Mar 9, 2011

On the brink

We need to believe in our own self to defeat the menace of extremism

By Dr. Abid Qaiyum Suleri

Pakistan is going through one of the worst phases of its history. Financial crisis, political instability, energy crisis, growing poverty, increasing American influence, and on top of it menace of extremism and violence all of these are destroying the basic fabric of our society. It is difficult to determine which crisis is leading to which one. However, one thing is certain that all of the above mentioned problems reinforce each other and cumulative damage caused by them is gradually turning irreparable.

The state institutions in general and PPP government in particular, seem helpless on all fronts. In order to face the challenges, it requires the support of domestic stakeholders as well as support of international community. Unfortunately, both are lacking.

In the absence of fiscal cushion, the government is relying heavily on budgetary support. Public sector development component of budget during current fiscal year was linked to receipt money through Kerry Lugar Bill. During 2009-10, it was linked to the receipt of “Tokyo Pledges” made in Friends of Democratic Pakistan forum meeting in Tokyo. Unfortunately, external assistance did not come through; rather, the last two tranches of IMF loan could not be received due to government’s inaction on RGST, power sector reforms, and state owned corporation’s reforms.

The image of Pakistan in the West is that of a “failed state” and the image of Pakistanis is that of a nation comprised of religious extremists. It is in this context that Pakistan’s nuclear capacity is perceived as a threat to regional and global stability. No wonder, operatives and agents of CIA and other spy agencies are active in Pakistan.

It is in this backdrop that people like me, who have to travel abroad frequently, end up in a situation where they have to justify and debate that Pakistan is not a failed state. We also have to justify that a majority of Pakistanis, barring few extremist elements, are peace-loving and believe in the principle of “live and let live”.

I remember, in December 2010, four of us were invited by Green Party of Germany to address selected group of German Parliamentarians on how well Germany can help the flood survivors in Pakistan. One of the member of foreign relations committee, while informing that German people were the largest private donors for flood victims in Pakistan, pointed out that he receives volumes of emails on daily basis where German people challenge the rationale of public and private support of Germans to flood victims in Pakistan where an illiterate Christian lady has been put on a trial. “Well, you might have seen that a significant majority in Pakistan, including the Governor of Punjab, opposes misuse of any law, including the blasphemy law. Moreover, we have a dedicated ministry at the federal level whose task is to protect the rights of non-Muslims (Ministry of minorities’ affairs)” was my response.

However, my arguments are getting weaker and weaker due to insane things happening in Pakistan. As if mob-lynching of two brothers in Sialkot and suicide attacks on shrines, school children, and other innocent people were not enough, horrific incidents such as assassination of Salman Taseer and Shahbaz Bhatti took place.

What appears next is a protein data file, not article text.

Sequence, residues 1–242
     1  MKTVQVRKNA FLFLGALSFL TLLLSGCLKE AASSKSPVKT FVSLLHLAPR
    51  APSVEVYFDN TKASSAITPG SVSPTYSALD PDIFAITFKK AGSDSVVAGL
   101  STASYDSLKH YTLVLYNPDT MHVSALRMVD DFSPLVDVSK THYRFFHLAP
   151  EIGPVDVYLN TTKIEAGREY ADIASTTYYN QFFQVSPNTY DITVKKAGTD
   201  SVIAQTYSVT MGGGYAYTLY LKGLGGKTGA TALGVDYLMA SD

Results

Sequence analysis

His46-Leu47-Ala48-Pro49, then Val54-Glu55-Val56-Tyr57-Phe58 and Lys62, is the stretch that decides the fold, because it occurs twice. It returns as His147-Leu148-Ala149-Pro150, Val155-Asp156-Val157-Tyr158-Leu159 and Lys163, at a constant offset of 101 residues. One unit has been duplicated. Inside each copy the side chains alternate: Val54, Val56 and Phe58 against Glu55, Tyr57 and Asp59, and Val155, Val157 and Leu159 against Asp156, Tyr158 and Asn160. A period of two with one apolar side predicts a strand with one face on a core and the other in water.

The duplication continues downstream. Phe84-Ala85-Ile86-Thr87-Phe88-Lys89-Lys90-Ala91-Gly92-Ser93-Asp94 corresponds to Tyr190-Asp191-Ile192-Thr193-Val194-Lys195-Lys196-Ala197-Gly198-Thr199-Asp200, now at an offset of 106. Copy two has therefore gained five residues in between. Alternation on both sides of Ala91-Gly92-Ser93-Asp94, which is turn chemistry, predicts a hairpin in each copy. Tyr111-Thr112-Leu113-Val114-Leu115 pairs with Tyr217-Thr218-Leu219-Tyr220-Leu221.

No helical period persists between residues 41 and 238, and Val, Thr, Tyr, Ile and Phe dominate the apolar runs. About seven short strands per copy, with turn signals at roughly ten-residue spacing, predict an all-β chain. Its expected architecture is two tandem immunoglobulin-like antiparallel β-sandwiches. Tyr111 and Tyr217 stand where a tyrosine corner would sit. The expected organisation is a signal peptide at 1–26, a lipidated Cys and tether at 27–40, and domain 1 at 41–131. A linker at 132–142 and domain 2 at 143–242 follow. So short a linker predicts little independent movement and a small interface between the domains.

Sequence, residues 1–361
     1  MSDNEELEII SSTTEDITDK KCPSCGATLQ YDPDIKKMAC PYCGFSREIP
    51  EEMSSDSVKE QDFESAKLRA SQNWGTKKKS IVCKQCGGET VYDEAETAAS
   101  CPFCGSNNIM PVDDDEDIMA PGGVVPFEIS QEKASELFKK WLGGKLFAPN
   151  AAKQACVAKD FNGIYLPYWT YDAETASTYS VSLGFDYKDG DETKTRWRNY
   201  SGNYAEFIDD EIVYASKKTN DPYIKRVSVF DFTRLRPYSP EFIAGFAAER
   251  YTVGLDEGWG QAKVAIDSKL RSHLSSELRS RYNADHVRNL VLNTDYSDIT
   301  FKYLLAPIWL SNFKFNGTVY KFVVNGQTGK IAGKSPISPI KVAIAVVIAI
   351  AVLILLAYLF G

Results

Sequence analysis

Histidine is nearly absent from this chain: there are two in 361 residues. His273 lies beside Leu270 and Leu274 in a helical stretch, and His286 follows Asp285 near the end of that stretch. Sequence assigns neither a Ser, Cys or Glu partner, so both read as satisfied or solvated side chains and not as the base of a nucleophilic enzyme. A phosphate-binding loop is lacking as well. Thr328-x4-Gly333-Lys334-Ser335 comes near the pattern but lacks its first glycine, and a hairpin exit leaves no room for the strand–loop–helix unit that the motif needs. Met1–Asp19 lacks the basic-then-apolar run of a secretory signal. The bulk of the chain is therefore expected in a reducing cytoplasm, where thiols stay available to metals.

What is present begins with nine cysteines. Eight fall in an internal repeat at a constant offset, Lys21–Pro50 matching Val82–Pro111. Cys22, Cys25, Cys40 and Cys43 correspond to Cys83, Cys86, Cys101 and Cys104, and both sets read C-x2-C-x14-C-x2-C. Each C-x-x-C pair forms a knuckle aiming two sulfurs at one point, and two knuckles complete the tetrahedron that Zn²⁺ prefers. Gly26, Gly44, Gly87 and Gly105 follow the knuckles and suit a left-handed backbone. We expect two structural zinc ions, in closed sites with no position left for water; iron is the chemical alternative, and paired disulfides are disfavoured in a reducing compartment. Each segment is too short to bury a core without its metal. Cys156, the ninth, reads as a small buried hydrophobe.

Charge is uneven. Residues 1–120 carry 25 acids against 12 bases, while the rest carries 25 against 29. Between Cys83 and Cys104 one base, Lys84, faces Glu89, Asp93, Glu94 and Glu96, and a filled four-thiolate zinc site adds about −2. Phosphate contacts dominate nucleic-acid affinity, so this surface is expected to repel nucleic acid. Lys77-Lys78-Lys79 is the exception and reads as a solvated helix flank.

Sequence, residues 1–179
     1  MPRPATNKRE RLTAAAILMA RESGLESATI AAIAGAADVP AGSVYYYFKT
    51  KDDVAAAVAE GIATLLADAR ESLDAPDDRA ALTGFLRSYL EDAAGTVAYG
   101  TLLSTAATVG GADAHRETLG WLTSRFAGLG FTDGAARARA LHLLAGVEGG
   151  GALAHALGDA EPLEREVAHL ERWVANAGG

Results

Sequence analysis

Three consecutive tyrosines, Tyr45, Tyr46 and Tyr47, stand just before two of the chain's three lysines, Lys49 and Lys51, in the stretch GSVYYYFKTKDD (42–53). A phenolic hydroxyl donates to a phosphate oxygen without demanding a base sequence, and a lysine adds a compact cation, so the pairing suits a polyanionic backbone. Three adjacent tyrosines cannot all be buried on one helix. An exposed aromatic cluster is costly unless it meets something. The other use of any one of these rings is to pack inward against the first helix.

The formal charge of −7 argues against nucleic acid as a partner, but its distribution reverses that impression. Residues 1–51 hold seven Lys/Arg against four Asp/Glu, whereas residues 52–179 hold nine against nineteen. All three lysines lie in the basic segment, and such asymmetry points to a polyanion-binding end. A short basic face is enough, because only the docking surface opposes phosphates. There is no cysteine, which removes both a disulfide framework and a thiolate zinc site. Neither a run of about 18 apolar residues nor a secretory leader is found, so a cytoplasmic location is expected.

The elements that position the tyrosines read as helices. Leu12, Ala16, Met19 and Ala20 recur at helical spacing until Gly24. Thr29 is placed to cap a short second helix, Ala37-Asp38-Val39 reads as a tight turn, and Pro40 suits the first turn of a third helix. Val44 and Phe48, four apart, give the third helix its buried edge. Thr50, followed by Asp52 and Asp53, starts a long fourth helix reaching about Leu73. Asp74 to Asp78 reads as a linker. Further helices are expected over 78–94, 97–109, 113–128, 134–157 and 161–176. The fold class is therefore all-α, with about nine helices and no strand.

I feel sorry for Pakistan Peoples Party and Awami National Party (the two ‘progressive’ parties in power) that are being accused of failing the progressive and liberal sections of society in Pakistan by retreating from their secular ideology. However, despite their cautious and compromised stance, these parties are losing popularity among their supporters.

In my opinion, they are not only failing the progressive elements, they are miserably failing in protecting their own cadres too. Prime Minister Syed Yousaf Raza Gilani retreated from PPP’s stance of bringing an amendment in Zia-ul-Haq’s blasphemy law. The proposed amendment was meant to stop misuse of the law. However, this retreat did not help him. Only a couple of days later, Governor Salman Taseer was assassinated. Two moths later, his cabinet minister was also murdered.

So, who is safe here? I being a Pakistani Muslim may not be rising to protest against the killing of Shahbaz Bhatti out of fear or simply due to the reason that he was a non-Muslim in Pakistan. But will this act of mine guarantee that I will not be killed in a suicide attack in a mosque, in a shrine, even in my own house? Will my silence guarantee that the school of my children will not be attacked by these militants whose only aim is to create panic and terrorize the society?

Extremists are our national enemy and we need to stand up against them. The solution of many of the problems facing Pakistan today may lie in relying on external support, aid and loans. However, to face the menace of extremism we need to rely on our own self. We need to break the silence and support the rule of the law. We should not give this authority to any individual to be act as complainant, prosecutor, court of law, and executor on his/her own will. Do you find any difference between the mob that killed two brothers in Sailkot, Mumtaz Qadri, Raymond Davis, and assassinators of Shahbaz Bhatti? All of them acted as both complainants and executors.

Finally, it is not that progressive parties failed us. The opposition parties (perhaps the next government in waiting) also failed us badly. The opposition parties in Pakistan are more than willing to call for a rally and long march to get their demands met. Why are they not giving a call for “peace march” to tell the rest of the world that Pakistanis are a peace-loving nation? But are we a peace loving nation?

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